Redside dace spawn in shallow gravel riffles, usually as a nest associate of other cyprinid species (Koster 1939; Page and Johnston 1992; E. Holm, unpublished data). Parish (2004) found that Ontario streams with redside dace populations tended to have riffles with larger particle sizes than streams without redside dace, even though eggs are laid on gravel substrates.
There is no information available regarding winter habitat use, although presumably they overwinter in deep pool areas with little current. There is no information available regarding the habitat of redside dace larvae. Habitat use by juveniles has not been specifically studied, although juveniles are often collected in Ontario from the same pools as adult fish.
Loss of suitable habitat (or habitat modification) is likely the major factor contributing to redside dace declines in Ontario. Populations have been lost from several streams that have had major habitat changes associated with intensive urban development and the construction of reservoirs. Population declines associated with habitat loss have probably occurred in about one-half of Ontario’s redside dace streams, and only a few are considered to be relatively undisturbed. The species is now restricted to the relatively undisturbed headwaters of many streams where it was once widespread (McKee and Parker 1982).
As urbanization has proceeded over the last 50 years in the Greater Toronto Area, most redside dace populations have disappeared from developed areas or populations have become increasingly restricted to headwater areas (Fig. 5). Approximately one-half of the redside dace sites that have been shown to be extant over the last 15 years are within, or immediately adjacent to, areas that are scheduled to be developed over the next 16 years. The nature of stream habitat changes associated with urbanization is summarized below under Limiting Factors.
Closed circles represent sites where redside dace were captured; open circles represent sites of former redside dace occurrence where sampling occurred, but no redside dace were captured; grey shading represents extent of urban area.
A draft recovery strategy has been prepared for redside dace in Ontario that is attempting to protect and restore redside dace habitats (Redside Dace Recovery Strategy 2005).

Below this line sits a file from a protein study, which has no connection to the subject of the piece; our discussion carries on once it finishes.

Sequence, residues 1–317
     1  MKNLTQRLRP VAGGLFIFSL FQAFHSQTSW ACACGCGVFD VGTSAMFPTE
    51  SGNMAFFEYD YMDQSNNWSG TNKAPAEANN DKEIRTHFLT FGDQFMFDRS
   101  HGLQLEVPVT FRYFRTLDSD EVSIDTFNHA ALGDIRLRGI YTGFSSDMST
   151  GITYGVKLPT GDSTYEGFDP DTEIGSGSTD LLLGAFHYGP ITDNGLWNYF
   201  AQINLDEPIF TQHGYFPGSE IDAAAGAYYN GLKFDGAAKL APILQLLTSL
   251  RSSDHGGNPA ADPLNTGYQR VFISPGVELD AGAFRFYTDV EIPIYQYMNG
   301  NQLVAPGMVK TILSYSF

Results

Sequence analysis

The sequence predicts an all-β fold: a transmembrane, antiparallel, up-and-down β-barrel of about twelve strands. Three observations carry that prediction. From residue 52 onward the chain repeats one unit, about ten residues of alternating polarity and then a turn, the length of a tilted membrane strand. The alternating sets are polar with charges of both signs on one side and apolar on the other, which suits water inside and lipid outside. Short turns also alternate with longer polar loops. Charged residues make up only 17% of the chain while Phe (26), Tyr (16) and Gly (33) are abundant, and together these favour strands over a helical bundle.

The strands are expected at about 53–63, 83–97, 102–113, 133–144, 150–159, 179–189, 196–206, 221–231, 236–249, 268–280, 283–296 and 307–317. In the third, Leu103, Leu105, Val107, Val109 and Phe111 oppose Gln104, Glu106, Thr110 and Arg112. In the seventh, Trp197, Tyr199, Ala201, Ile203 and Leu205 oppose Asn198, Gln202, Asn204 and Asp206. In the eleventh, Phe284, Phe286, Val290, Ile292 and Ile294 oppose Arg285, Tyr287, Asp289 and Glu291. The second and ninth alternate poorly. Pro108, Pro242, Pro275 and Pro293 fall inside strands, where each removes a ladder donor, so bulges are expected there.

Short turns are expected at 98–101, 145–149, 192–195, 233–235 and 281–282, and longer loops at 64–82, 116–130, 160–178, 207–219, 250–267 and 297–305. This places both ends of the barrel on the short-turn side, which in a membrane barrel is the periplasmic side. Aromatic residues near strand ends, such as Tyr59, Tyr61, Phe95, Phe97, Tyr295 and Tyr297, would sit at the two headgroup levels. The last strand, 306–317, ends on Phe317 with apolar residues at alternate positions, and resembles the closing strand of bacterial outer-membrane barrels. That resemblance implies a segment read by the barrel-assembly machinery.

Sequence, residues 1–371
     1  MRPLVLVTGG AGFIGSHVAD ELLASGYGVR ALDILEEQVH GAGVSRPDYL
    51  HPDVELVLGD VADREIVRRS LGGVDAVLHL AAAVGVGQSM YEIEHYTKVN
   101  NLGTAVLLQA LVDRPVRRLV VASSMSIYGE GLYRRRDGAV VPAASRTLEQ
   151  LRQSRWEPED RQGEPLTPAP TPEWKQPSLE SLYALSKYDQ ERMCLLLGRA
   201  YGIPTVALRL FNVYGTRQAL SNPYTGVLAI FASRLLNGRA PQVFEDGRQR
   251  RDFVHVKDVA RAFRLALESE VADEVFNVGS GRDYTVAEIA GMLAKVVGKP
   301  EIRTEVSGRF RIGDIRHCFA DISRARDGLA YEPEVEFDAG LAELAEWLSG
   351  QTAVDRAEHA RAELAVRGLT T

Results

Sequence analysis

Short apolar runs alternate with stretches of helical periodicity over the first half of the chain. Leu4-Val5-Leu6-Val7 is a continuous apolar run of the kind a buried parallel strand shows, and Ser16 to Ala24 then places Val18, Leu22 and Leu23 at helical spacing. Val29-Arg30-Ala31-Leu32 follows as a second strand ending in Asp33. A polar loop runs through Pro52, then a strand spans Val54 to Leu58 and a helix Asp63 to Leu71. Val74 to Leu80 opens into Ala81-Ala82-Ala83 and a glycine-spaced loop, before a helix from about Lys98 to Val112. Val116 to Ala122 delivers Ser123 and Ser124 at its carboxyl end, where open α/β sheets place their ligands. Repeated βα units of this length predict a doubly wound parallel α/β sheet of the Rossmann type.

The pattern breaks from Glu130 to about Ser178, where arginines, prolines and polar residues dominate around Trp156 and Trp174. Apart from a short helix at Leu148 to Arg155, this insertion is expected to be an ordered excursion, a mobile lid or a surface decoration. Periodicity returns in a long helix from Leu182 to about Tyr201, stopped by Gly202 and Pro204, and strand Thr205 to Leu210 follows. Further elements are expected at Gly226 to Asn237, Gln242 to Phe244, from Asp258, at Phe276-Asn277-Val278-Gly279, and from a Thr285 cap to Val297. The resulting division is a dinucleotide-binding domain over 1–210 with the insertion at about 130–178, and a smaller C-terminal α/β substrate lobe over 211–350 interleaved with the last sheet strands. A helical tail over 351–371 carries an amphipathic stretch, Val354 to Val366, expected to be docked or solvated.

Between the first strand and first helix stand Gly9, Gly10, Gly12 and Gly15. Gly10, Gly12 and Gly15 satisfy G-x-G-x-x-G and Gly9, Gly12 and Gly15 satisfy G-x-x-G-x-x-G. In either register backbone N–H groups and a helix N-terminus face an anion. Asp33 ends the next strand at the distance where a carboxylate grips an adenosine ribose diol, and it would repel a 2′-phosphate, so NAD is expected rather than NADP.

The habitat of the redside dace receives general protection under the habitat provisions of the federal Fisheries Act. Adjacent lands receive policy level protection through the fish habitat and species at risk provisions of the Provincial Policy Statement (PPS) under the provincial Planning Act. The PPS prohibits development or site alteration on adjacent lands (within 30 m of fish habitat) unless it can be shown through an Environmental Impact Study that the fish habitat in question will not be negatively impacted. Development and site alteration is not permitted in the significant habitat of Ontario Threatened and Endangered species. Recent amendments to the Planning Act now require municipal planning decisions to be consistent with the PPS. The provincial Lakes and Rivers Improvement Act may also indirectly protect redside dace habitat when applications for the construction or maintenance of dams and dredging activities are reviewed. Alteration in or near floodplain, wetland, and/or watercourses is regulated by Conservation Authorities through the Development, Interference with Wetlands and Alterations to Shorelines and Watercourses Regulation.Aspects of the provincial Nutrient Management Act, Environmental Protection Act, Water Resources Act, Source Water Protection Act may also provide indirect protection for the habitat of redside dace.
The beds of the streams inhabited by redside dace are either privately owned or, if navigable, are generally owned by the Crown. The majority of adjacent land is privately owned and in agricultural production or in urbanizing landscapes. Lands immediately adjacent to streams in urban subdivisions are usually returned to public ownership.